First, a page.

Gov. Pat McCrory, describing himself as an “outsider” who is challenging the “good-ole-boy and good-ole-girl” system of state government, defended his eight-month record in Raleigh during a stop Thursday (Sept. 12) at the Jarrett House in Dillsboro.
McCrory spoke to a standing-room only crowd largely dominated by the Republican faithful of far-Western North Carolina. Attendees included state Sen. Jim Davis (R-Macon) and Jackson County Commissioners Jack Debnam and Doug Cody.
“I’ve had to push against the status quo, the status quo of that culture,” McCrory said of North Carolina government. “I got elected to make change and to turn this state around.”
Among his accomplishments, McCrory numbered tax reform, changes to the transportation-funding formula, boosting funding to education and making a start toward overhauling the state personnel system. This means:
• Beginning in 2014, personal and corporate income taxes will be reduced, which McCrory said would stimulate business growth in North Carolina. The governor said that he and Republican legislative leaders had managed to resolve major differences to reach this agreement on tax reform.
• Under a new transportation-funding plan, while dollars will be distributed regionally, a large share will be targeted toward easing traffic congestion and meeting transportation needs on a state level.
• For kindergarten through 12th grade public education, the budget stands at $7.8 billion, which McCrory cited as the “largest in North Carolina history.”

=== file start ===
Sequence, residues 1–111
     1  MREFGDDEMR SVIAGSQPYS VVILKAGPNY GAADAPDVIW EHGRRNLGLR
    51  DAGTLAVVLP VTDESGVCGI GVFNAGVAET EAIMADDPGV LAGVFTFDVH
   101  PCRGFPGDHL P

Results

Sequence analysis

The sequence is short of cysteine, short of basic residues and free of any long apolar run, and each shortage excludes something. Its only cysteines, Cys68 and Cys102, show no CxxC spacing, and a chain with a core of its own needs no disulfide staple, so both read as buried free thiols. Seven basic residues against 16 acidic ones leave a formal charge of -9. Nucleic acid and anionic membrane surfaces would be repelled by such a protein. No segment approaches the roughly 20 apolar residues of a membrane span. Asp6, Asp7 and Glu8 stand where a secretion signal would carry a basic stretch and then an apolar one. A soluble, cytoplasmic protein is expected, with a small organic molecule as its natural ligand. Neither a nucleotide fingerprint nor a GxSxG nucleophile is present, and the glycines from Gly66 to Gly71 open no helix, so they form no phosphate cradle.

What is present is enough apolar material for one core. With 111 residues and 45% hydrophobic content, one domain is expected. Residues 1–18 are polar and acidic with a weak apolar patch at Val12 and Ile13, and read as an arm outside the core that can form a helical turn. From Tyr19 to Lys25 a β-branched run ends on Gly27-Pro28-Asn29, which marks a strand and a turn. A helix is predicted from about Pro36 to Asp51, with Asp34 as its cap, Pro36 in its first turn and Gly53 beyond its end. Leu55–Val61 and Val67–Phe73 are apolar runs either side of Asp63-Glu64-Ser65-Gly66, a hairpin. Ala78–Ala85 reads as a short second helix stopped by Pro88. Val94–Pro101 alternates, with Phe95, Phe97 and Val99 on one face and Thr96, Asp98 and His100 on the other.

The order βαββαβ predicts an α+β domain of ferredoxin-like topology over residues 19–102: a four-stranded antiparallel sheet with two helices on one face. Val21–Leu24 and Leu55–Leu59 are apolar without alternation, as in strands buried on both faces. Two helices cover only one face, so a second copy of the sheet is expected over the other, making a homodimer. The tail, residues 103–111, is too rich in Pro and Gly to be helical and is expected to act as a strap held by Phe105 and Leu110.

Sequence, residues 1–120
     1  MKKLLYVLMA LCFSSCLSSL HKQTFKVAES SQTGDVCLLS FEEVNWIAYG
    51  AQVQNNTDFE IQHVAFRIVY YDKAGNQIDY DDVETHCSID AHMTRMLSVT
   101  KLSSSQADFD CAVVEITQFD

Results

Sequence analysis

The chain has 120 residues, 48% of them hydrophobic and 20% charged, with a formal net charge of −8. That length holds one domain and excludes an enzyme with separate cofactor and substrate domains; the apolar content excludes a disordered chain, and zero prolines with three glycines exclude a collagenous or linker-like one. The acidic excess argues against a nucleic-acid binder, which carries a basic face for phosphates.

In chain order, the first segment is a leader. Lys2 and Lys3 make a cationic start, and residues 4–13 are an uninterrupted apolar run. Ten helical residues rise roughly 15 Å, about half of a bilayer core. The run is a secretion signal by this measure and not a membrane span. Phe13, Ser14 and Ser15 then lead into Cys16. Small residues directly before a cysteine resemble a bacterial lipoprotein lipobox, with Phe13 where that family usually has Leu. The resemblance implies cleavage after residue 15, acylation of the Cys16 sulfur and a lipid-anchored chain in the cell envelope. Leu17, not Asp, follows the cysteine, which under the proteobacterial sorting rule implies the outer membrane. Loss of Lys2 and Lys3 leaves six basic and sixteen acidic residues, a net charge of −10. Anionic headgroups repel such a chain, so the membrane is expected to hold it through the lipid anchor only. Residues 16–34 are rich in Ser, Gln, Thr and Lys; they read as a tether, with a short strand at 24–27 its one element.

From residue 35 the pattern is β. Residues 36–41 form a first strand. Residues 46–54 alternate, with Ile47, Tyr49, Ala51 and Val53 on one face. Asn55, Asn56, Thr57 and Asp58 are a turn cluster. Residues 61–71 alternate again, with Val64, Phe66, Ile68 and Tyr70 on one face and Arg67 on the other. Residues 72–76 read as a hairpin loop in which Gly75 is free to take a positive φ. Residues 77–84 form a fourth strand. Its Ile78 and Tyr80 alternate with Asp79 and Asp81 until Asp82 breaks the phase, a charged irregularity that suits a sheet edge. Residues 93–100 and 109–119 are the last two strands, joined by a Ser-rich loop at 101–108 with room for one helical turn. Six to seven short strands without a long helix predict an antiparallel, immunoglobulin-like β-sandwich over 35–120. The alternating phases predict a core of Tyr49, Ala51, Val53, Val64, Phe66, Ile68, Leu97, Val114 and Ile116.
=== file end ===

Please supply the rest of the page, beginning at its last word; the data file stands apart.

Critics have responded that McCrory’s claim does not account for enrollment growth and inflation.
The governor also touted a new funding method for community colleges that isn’t based on enrollment, but rather funnels dollars toward technical and health programs. That type of training results in graduates getting jobs and filling positions needed by businesses, he said.
• More state employees, up to 1,500, now can be hired and fired at will, but McCrory said that he needs even more flexibility in streamlining state government.
The governor in recent days has seen his approval-rating drop to 35 percent, according to figures from Public Policy Polling. There have been a number of protests across the state, including an Aug. 28 gathering in Sylva that drew about 300 people. Only four people protested outside the Jarrett House, waving signs that said “Where Are The Jobs” and “Teachers Not Cookies.”